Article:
Wendy Williams to Receive a Star on the Hollywood Walk of Fame - Black Enterprise
Black Enterprise magazine Fall 2019 issue

Talk show host Wendy Williams is indeed a star and now she is getting one!

The Hollywood Chamber of Commerce announced that the former radio host will be receiving the 2,677th star on the Hollywood Walk of Fame for her work in television. The ceremony is scheduled for Oct. 17, according to The New York Daily News.

Along with Williams, here’s the full list of this year’s Hollywood Walk of Fame 2020 class, as per The Hollywood Walk of Fame website:

In the category of MOTION PICTURES: Mahershala Ali, Batman, Ruth E. Carter, Laurence Fishburne, Chris Hemsworth, Spike Lee, Julia Roberts, Octavia Spencer, and Lina Wertmüller

 

In the category of TELEVISION: Christina Applegate, Andy Cohen, Cindy Crawford, Terry Crews, Harry Friedman, Kathie Lee Gifford, Nigel Lythgoe, Milo Ventimiglia, Burt Ward, Wendy Williams, Dr. Phil McGraw, and Andy Kaufman (Posthumous)

 

In the category of RECORDING: Elvis Costello, Sir Lucian Grainge, Billy Idol, Curtis “50 Cent” Jackson, Alicia Keys, Andy Madadian, Mo Ostin, Bobby Rydell, Alejandro Sanz, Tanya Tucker, and Muddy Waters (Posthumous)

 

In the category of LIVE THEATRE/LIVE PERFORMANCE: Dave Chappelle and Billy Porter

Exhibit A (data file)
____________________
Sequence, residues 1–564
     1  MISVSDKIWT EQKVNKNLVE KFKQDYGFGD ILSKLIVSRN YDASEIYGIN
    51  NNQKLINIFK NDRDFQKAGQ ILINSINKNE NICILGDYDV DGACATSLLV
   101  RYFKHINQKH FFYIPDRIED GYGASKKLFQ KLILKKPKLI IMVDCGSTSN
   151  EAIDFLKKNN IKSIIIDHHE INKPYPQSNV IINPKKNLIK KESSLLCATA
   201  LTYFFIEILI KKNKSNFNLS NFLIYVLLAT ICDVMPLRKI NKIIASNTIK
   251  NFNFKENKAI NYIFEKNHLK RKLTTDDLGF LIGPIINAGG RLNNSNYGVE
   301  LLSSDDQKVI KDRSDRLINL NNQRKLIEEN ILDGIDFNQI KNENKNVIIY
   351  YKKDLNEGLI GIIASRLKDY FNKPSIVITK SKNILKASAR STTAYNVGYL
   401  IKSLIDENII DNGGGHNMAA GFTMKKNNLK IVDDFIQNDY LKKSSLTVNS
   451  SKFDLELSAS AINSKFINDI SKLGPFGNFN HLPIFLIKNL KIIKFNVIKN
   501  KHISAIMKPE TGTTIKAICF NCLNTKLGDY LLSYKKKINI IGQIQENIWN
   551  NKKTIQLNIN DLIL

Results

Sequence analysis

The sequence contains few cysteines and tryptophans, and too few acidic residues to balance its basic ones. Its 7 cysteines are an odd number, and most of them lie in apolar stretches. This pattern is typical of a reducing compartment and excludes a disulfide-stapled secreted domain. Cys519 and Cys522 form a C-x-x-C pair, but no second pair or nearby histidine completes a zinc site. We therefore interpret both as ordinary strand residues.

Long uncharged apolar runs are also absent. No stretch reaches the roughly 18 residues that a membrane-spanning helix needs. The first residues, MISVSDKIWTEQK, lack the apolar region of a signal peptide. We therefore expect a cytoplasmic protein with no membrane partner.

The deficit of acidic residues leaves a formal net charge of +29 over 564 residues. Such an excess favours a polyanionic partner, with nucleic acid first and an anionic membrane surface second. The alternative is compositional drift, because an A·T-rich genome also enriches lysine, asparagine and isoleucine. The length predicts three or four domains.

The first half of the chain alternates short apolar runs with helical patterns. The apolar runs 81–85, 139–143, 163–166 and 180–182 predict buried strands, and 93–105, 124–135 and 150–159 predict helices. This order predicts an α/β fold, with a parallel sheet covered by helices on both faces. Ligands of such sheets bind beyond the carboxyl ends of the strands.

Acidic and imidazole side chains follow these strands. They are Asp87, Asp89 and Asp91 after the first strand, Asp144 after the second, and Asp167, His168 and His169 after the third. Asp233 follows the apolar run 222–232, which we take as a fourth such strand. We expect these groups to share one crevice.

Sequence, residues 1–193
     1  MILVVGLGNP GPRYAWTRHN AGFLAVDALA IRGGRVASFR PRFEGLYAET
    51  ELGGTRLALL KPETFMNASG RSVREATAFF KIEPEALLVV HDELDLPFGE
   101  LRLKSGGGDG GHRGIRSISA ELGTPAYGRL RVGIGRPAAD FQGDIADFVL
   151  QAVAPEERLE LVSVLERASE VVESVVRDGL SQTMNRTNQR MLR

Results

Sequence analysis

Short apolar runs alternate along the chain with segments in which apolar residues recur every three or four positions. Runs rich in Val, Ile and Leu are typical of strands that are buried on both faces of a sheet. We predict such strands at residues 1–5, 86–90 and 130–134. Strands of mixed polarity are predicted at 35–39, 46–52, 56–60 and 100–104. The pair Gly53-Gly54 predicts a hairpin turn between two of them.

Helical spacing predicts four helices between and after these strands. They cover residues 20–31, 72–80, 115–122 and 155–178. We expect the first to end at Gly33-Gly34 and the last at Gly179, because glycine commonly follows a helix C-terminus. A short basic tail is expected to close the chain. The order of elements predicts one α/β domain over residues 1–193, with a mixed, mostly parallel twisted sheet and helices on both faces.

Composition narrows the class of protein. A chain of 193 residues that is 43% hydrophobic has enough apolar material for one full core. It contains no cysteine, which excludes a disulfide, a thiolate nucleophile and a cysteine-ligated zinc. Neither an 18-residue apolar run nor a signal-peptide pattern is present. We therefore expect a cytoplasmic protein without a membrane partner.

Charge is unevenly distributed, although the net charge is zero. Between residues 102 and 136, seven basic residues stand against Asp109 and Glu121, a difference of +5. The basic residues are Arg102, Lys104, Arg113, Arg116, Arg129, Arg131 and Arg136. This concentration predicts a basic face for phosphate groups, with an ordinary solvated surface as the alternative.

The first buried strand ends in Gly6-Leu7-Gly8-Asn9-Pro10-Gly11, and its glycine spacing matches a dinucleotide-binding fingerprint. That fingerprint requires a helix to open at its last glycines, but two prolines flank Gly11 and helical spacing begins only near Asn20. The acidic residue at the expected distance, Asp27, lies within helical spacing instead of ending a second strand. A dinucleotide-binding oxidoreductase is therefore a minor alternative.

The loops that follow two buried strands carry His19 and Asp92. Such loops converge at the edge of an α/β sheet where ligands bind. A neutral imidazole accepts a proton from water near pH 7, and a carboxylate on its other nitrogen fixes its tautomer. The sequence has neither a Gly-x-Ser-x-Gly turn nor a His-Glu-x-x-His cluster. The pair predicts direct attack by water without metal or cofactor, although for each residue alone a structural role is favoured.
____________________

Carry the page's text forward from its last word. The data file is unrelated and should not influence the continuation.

In the category of RADIO: Susan Stamberg

During Williams’ 20 year stint in radio, she worked at Kiss FM (98.7), Hot 97 (97.1), and WBLS (107.5) in New York as well as Philadelphia’s Power 99 (99.1). Then, in 2009, she left radio to host her own television talk show, The Wendy Williams Show. That year she was also inducted into the National Radio Hall of Fame. In 2004, she became a New York Times bestselling author with her book, Wendy’s Got The Heat, with Karen Hunter.

The Wendy Williams Show was recently renewed through the 2021-22 season. Over the summer, Williams opened up at Black Enterprise’s FWD conference about her estranged husband and former business partner, telling the live audience not to do business with a romantic partner. “Don’t do it,” she said. “Marry a cardiologist and you go on to be an engineer—make sure people support you but have your separate lives. When you come home you have more to talk about than business. Keep it separate.”